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Personal Insights

From Web Development to SAP BTP Consultancy

Inspired by the recent blog posts by DJ Adams (From Classics to Developer Advocate) and Timo ELLIOTT (From Econometrics to Evangelism), I want to add another SAP coming of age story. Though I am neither Development Advocate nor SAP Evangelist and my story may not be as interesting as the others (I am also a bit younger 😁), it may nevertheless motivate and inspire people with different backgrounds to look into and maybe find a new home in the SAP world. And I will also try to share some lessons I learned through my career.

Becoming a Ruby on Rails Web Developer

I was interested in everything computer related for as long as I can remember. But while I spend a good amount of my childhood on consumer-related stuff (playing games, playing around with stuff like Office, Musik Maker, etc…), it was hard for me to get into more advanced things like programming, mainly because I started the wrong way. My first books were 1000 pages long deep dives into C++  and DirectX Game Programming, which kind of broke my motivation early.

Lesson 1: Try to understand the basics first
Starting with those advanced and complex topics really killed my interest, because the learning curve was way too high and I was too ambitious. Today, with a 15 year background in CS, I can often rely on my existing knowledge, but whenever I am facing something completely new, I try to get the basics first, before digging into the more advanced stuff.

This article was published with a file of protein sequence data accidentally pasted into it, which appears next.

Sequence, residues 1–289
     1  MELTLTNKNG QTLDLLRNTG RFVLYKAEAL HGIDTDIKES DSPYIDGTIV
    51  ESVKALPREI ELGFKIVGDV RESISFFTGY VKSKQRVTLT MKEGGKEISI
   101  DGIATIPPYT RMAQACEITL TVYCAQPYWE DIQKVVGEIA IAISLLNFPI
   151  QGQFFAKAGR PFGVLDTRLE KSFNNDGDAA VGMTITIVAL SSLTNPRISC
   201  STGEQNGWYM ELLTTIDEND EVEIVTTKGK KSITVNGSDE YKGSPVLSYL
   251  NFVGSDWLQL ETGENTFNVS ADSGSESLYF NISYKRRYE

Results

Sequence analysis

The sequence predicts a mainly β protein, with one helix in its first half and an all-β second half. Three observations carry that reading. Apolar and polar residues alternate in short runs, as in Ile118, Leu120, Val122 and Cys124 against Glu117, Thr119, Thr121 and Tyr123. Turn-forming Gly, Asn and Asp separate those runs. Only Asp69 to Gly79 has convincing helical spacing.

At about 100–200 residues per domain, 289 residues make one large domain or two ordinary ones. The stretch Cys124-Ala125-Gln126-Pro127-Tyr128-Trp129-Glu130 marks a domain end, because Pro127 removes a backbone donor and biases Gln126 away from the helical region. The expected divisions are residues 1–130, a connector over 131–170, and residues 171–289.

Nevertheless I started studying Computer Science and once I got through the basic lectures of algorithms, networks and computer languages (C and Java), it got me hooked.
In my internship and later in my first job at a small web company, I learned a lot about web and software development with a strong focus on (object-oriented) PHP and Ruby on Rails, which by that time (2008) was on its hype cycle. Looking back, we build some amazing things: full blown B2B shops with real-time connections to various other systems, including SAP. Scalable Social Networks and Data Warehouse-based applications with advanced stuff like REST-APIs, asynchronous, event-driven messaging and in-memory based databases.
While I really liked what we did on a technical level, two things bothered me after the first few years: